Continuous Variation in Wing Length and Flight Musculature in a Tropical Field Cricket, Teleogryllus derelictus : Implications for the Evolution of Wing Dimorphism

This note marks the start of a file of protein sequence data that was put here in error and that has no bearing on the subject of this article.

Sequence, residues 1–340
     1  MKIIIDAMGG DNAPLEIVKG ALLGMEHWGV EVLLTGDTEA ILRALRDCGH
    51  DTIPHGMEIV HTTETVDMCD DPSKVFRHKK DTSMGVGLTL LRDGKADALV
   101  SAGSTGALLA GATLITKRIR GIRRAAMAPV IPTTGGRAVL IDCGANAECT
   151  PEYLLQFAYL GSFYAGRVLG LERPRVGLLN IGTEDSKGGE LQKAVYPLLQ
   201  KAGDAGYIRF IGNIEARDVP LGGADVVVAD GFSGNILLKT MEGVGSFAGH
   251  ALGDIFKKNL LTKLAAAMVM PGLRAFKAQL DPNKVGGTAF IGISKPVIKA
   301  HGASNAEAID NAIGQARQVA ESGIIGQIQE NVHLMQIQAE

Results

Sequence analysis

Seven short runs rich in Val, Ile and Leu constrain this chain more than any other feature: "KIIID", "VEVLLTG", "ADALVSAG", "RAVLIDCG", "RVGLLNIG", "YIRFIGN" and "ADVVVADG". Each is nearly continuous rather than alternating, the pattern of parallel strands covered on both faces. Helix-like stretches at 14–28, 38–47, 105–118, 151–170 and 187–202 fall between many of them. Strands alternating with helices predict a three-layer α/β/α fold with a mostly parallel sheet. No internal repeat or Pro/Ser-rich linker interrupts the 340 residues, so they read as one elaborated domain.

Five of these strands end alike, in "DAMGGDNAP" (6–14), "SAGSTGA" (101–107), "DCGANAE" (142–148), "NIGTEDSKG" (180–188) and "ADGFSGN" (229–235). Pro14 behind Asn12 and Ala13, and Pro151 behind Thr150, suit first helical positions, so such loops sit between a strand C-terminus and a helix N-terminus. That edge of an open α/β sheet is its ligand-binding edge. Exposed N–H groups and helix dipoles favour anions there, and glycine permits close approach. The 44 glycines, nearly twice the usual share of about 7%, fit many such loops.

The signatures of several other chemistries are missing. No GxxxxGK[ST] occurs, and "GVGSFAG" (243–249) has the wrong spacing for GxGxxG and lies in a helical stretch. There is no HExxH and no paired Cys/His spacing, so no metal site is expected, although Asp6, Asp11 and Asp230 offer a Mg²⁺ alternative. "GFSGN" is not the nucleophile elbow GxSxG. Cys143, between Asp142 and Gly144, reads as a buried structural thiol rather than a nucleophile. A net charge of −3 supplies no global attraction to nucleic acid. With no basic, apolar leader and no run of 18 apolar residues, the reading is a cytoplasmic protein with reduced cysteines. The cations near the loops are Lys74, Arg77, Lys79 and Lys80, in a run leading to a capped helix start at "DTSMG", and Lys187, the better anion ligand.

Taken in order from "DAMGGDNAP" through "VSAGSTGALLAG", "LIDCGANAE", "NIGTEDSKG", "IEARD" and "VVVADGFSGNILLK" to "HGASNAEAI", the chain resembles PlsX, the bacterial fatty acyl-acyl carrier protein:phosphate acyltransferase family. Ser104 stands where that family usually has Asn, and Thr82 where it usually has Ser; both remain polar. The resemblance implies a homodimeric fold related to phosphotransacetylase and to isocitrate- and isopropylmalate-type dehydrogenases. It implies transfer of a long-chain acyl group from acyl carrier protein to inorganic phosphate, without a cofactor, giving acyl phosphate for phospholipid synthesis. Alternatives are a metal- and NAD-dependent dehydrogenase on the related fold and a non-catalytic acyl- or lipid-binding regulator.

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Wing polymorphism with continuous variation in flight musculature was discovered in a tropical field cricket, Teleogryllus derelictus Gorochov derived from Java, Indonesia. In this species, typical short-winged (SW) and long-winged (LW) morphs often observed in other species of cricket were found, but individuals with intermediate wing lengths (IM morph) were also observed. However, the frequency distribution in relative wing lengths, i.e. hind wing length (HW)/fore wing length (FW), was bimodal with a relatively low frequency of IM morphs. Flight muscle mass at adult emergence was directly related to HW/FW and the variation was continous. It changed little after adult emergence in SW morphs, but showed a>70% increase in some LW morphs whereas a reduction in mass due to histolysis occurred in IM and other LW individuals. Flight muscle growth and histolysis were accompanied by conspicuous color changes apparently related to cytochrome c. The total fat and triacylglycerol contents of the body were closely related to body weight, but not to HW/FW. Some LW adults flew out of the rearing tanks within a week after adult emergence. In response to a synthetic adipokinetic hormone (AKH), both LW and SW adults were capable of forming low-density lipophorin (LDLp), which is known to be important in mobilizing lipid fuel for flight activity in other insects. The methanol extracts of corpora cardiaca taken from both LW and SW morphs showed AKH activity, indicating that inter-morph physiological differentiation has not occurred in the lipid-mobilization system. The present results with T. derelictus do not support Roff's hypothesis that a reduction in flight muscles occurred before that in wing length during the course of evolution for wing dimorphism, but may suggest an alternative evolutionary pathway.


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